The UK leaving the European Union could offer small finance firms the regulatory room they need to expand, according to the Bank of England.
In a speech to mark the fifth anniversary of the Prudential Regulation Authority's Secondary Competition Objective yesterday (January 17), Sam Woods, deputy governor for prudential regulation at the Bank and chief executive officer of the agency, outlined seven "awkward questions" that needed tackling about small firms.
The fifth question centred on Brexit.
Mr Woods said: "Might Brexit create opportunities to move further on proportionality for smaller firms?"
Mr Woods had already said the method of withdrawing regulatory allowances for small companies as they grow was one of these so-called awkward questions.
He said smaller firms did not need a weaker prudential regime to help them grow, "that is the last thing we need both from a safety and soundness and a competition perspective".
But he added there may be a reasonable case that a simpler – rather than weaker - regime for small firms would advance both the PRA's safety and soundness and competition objectives.
"We have often argued in Europe for simpler approaches for small firms, but the differing legal traditions across the EU27 and the desire to harmonise regulation and supervision are powerful forces in the opposite direction," said Mr Woods.
He noted that both Switzerland and the US were taking "quite radical" steps in this area.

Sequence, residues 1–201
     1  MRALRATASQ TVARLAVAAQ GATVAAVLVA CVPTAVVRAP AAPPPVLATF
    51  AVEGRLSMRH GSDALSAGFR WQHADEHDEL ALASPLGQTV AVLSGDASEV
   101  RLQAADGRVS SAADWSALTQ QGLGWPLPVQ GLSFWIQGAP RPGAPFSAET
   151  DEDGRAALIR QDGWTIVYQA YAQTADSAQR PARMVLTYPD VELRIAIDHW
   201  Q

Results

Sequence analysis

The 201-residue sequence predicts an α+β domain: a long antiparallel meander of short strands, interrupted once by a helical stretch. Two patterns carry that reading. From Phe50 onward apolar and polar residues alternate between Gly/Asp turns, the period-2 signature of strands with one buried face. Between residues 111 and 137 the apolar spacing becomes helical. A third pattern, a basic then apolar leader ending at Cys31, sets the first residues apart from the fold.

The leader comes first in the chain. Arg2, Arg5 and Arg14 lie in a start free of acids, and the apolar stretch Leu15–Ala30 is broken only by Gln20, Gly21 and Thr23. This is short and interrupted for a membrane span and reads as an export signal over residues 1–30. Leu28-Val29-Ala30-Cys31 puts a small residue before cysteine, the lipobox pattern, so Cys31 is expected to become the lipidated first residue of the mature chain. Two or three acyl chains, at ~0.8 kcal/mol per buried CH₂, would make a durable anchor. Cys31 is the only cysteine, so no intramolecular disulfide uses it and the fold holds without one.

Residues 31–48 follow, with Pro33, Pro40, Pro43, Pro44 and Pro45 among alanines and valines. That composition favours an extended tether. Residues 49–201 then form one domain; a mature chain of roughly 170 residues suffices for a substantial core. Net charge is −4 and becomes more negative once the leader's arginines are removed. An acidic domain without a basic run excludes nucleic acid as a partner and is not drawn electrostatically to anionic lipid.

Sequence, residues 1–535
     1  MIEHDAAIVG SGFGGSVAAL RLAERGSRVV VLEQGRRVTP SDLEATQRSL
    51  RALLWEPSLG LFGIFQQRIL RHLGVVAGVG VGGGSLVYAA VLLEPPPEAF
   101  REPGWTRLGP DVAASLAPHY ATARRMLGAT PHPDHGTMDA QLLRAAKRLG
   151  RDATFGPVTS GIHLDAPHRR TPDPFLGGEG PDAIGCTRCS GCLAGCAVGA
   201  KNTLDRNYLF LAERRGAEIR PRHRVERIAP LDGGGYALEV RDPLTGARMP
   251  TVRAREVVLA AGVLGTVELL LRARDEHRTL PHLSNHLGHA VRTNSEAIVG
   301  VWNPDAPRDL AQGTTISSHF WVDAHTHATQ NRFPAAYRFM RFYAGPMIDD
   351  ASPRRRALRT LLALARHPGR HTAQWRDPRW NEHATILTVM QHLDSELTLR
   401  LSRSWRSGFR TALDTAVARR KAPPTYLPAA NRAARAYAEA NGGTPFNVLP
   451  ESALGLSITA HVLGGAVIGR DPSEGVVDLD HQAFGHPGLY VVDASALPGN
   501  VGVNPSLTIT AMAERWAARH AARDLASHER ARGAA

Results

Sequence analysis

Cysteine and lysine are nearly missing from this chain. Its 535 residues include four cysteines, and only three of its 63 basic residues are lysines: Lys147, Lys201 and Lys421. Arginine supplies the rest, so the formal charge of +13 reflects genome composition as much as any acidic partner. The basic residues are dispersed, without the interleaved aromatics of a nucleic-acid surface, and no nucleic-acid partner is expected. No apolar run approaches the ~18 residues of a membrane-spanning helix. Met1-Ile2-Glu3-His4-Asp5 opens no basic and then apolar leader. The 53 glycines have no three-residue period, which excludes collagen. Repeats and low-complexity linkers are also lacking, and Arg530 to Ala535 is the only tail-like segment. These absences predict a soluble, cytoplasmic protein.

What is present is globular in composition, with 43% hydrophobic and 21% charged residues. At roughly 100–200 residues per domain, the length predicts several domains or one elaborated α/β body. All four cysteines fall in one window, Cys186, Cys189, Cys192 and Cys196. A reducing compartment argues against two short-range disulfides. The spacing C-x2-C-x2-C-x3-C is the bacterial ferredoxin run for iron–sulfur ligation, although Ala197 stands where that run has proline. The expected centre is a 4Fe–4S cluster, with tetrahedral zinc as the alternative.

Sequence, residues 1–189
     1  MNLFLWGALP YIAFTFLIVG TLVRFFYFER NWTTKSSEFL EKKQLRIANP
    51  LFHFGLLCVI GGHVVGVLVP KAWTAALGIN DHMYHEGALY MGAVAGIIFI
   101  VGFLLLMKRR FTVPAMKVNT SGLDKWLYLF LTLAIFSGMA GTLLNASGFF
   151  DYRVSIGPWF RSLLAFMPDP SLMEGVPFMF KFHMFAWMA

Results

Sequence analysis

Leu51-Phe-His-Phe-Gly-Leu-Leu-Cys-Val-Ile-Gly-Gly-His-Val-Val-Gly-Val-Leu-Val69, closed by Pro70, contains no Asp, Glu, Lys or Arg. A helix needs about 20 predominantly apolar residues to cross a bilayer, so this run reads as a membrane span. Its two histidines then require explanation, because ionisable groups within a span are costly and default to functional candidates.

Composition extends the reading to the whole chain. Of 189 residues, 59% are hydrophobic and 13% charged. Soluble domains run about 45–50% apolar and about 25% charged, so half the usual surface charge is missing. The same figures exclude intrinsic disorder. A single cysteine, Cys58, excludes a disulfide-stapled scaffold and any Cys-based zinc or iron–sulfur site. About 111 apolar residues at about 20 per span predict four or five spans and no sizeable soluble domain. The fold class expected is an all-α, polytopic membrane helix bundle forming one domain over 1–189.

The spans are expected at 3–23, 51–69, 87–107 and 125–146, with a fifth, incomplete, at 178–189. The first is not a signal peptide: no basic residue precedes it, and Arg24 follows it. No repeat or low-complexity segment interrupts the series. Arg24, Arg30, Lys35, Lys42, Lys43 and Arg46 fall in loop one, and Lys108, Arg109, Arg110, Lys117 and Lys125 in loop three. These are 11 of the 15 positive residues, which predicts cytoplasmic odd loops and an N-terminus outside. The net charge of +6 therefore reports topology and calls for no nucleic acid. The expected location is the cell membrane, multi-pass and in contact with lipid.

"It is impossible to know at this stage, but under some Brexit outcomes we might have room to revisit this question for small domestic firms," said Mr Woods.
Elsewhere in his speech, Mr Woods said the PRA wanted to address why no small bank had yet grown into something with enough size to take on the dominant players and whether the Open Banking initiative would have the ground-breaking effect some expected.
Mr Woods' remarks came after the latest Heath report surveyed 249 adviser firms representing 865 advisers on the current availability and future of professional advice in the UK.
According to the survey, produced by Garry Heath, director general of adviser trade body Libertatum, the current fixed cost of regulation for a client of a financial adviser is £72 a year.
Given the number of advisers expected to retire in the next five years, Mr Heath claimed the cost could be £147 by 2022.